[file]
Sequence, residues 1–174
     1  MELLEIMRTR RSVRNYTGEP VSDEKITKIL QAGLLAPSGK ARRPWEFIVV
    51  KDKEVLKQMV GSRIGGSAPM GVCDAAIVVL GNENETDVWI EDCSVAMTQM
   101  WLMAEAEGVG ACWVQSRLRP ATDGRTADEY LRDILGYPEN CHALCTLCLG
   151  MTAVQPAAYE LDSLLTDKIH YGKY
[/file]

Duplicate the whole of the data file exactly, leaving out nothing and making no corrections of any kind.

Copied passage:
Sequence, residues 1–174
     1  MELLEIMRTR RSVRNYTGEP VSDEKITKIL QAGLLAPSGK ARRPWEFIVV
    51  KDKEVLKQMV GSRIGGSAPM GVCDAAIVVL GNENETDVWI EDCSVAMTQM
   101  WLMAEAEGVG ACWVQSRLRP ATDGRTADEY LRDILGYPEN CHALCTLCLG
   151  MTAVQPAAYE LDSLLTDKIH YGKY